See these window hangings? Hand-sewn by my dearest mother, in line with our Country BBQ theme.

When I mused I’d like to (finally) learn how to sew myself, as she had been trying to teach me for years, she showed up at my house with a second-hand sewing machine, a tub of fabric, thread, scissors, etc. 

Just the other day she was hanging out at my house and we needed a pencil sharpener. I realized I do not have one. Out came the pocket knife (which she, in fact, gave me at some point in the past). I sharpened the pencil, vaguely filing away in my brain to pick up a pencil sharpener the next time I was at the store. 

What text did I receive today? “Found extra pencil sharpener here.” She found a spare one at her house and plans to bring it over next time. 

No Man is an Island

My parents are awesome in ways that are not captured here, in my rough sketch of all the ways they help me. They are kind, strong, and hard-working. Apart from Mr. TFA, my mom is truly my best friend. Words can’t explain what phenomenal people my parents are.

I am quite successful in my chosen profession. Though I am the one who shows up and works my buns off every day, I would not be where I am, nor who I am without these people. 

With a well-placed joke at the opening of this post, I mentioned my parents haven’t handed me cash in a long, long time. Probably since I was a teenager. However, if I were ever in a financial jam, I’m sure they’d help me out. As they always have.

More than anything though, they have taken care of many micro-financial concerns that have come up, so I didn’t have to. They do this, simply because that makes it one less thing for me to do. My husband and I rarely buy things (other than food, etc.), as my mom always seems to have a spare something, or picks up a thing she thinks I might need at a garage sale. 

I don’t ask for anything, she just does it. I’m extremely grateful, and am well aware of how much money she is saving me. Beyond any tangible things my parents actually give me, there is knowledge that if I ever need anything, they are there. Period. This is the frugal safety net I speak of, and it is priceless.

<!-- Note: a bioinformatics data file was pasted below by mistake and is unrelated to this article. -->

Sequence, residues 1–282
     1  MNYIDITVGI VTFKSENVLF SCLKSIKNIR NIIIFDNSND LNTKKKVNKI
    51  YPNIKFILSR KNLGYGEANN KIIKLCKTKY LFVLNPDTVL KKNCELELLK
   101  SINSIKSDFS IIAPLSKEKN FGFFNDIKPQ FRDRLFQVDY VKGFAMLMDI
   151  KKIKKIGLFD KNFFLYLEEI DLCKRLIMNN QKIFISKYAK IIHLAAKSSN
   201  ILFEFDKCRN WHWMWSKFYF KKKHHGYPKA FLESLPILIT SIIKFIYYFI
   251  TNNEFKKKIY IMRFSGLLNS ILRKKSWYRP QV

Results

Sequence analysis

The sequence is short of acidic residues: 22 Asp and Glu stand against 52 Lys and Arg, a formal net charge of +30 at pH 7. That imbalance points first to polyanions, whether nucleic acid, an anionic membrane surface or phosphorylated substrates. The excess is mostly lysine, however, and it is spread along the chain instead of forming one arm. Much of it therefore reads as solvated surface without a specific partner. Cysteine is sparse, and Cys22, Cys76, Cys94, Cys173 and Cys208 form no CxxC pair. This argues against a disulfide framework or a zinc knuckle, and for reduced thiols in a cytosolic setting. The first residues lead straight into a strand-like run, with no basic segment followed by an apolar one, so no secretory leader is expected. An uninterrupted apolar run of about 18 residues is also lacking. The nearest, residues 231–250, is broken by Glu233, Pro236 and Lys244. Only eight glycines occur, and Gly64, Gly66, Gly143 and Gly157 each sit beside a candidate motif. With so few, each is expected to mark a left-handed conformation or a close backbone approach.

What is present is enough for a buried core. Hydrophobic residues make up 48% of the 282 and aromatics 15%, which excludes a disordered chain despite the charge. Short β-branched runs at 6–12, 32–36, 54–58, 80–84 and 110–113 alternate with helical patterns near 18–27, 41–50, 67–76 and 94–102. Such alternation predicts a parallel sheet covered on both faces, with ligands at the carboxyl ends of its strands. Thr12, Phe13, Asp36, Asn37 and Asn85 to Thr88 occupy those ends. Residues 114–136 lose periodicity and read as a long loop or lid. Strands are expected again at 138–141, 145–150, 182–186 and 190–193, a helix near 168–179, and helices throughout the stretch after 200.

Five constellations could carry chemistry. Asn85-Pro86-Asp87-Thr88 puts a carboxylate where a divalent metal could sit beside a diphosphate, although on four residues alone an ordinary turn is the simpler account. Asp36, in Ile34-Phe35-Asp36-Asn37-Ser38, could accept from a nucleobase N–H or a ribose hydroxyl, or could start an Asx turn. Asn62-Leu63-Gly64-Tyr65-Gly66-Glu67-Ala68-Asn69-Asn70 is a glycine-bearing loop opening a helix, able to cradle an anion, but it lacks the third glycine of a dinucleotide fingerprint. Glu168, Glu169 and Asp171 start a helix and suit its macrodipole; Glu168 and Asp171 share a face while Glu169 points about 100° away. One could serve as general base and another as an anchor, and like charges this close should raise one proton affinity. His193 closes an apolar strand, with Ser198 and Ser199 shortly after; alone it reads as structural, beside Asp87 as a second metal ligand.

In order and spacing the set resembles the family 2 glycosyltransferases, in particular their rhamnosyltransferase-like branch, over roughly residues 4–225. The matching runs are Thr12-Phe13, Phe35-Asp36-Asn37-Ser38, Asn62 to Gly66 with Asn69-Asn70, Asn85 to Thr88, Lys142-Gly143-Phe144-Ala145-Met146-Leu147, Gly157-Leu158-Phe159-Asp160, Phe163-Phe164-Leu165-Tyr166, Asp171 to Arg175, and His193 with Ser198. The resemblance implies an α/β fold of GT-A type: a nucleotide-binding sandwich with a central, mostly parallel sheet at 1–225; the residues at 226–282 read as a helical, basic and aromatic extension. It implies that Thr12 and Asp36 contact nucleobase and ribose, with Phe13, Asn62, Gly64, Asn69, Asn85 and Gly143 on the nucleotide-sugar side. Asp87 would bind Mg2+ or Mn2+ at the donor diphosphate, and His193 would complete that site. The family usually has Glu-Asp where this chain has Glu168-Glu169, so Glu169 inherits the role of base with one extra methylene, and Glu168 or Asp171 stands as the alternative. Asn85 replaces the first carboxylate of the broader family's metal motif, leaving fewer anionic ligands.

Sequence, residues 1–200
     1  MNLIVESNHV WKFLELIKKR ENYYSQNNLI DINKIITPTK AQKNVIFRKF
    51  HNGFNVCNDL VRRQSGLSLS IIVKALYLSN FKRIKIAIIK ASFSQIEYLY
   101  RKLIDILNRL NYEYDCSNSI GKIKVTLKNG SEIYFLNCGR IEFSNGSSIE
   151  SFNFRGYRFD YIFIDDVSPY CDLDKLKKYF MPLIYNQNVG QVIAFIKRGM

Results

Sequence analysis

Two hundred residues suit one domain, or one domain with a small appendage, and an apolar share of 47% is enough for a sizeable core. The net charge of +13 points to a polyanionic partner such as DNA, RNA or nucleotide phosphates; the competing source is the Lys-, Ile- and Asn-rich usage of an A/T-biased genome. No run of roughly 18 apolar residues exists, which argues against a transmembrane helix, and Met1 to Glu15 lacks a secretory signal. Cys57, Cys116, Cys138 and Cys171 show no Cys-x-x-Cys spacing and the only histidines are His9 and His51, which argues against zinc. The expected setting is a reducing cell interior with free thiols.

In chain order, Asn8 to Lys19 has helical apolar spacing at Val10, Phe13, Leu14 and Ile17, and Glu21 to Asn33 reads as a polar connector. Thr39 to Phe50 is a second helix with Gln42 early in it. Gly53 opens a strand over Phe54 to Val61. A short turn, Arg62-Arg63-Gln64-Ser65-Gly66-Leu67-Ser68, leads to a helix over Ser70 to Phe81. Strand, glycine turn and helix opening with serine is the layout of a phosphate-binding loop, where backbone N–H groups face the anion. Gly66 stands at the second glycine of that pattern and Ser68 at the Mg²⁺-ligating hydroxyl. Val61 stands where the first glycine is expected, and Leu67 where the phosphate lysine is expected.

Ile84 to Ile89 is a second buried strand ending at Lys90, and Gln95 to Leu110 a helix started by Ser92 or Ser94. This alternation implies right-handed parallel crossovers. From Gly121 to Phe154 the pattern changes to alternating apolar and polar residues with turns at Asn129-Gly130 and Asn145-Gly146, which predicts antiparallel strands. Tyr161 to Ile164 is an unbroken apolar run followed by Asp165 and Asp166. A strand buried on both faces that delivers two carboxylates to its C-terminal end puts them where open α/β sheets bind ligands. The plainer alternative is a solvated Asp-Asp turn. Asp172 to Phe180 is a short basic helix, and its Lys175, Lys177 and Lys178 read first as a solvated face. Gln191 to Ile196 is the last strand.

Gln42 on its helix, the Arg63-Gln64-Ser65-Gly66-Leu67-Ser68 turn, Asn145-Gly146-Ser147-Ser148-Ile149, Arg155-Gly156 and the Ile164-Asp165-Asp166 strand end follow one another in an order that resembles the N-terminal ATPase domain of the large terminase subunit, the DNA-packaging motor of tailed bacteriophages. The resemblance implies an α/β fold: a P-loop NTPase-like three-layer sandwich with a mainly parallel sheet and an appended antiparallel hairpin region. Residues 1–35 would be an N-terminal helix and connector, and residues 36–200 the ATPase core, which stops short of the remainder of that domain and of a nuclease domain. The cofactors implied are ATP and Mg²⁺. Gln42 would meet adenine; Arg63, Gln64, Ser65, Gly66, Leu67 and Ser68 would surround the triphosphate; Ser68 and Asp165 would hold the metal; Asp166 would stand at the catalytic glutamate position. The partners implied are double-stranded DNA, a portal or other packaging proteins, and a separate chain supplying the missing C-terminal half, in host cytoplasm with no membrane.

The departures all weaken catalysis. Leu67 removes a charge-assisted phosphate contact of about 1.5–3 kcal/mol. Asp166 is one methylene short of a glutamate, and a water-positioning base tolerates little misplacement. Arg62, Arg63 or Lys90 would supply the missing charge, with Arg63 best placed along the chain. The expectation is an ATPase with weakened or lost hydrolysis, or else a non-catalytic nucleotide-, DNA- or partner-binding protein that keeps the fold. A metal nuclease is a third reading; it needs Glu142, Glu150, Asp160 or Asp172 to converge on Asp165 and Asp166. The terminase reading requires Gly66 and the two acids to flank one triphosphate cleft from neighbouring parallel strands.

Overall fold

Do you have a community that helps you out? Tell me about it in the comments below!

5 Comments on “A Frugal Safety Net: My Parents

  1. Pingback: A Frugal Safety Net: My Parents ⋆ Camp FIRE Finance

  2. I think this is a key component that is missing in a lot of the discussions on FI. I listened to a podcast a few weeks ago that highlighted two people – a Disney heiress and a politician, two women with vastly different backgrounds. The politician was making a lot of money as a lawyer, but as soon as she started making money, she started taking on more familial responsibilities, as there was nobody else that could. The discussions around FI are often all about bootstraps, but for some people, pulling yourself up by your bootstraps also means pulling everybody else up by their bootstraps, and there’s nobody there to help with the pulling.

  3. You are so right! Though my parents don’t pay for anything for me (and havent since I was in college, with the exception of a wedding gift, and then a “gift” when my grandma’s house got sold a few years back), they provide a whole bunch of other support for me now. Childcare 3 days a week, somewhere to hangout on the weekends. And, in my dad’s case, some rando stuff that he decides I “need”. Like a bandsaw. I dont do woodwork. Or a folding accordion door from the 80s that was “expensive” when he bought it. In the 80s.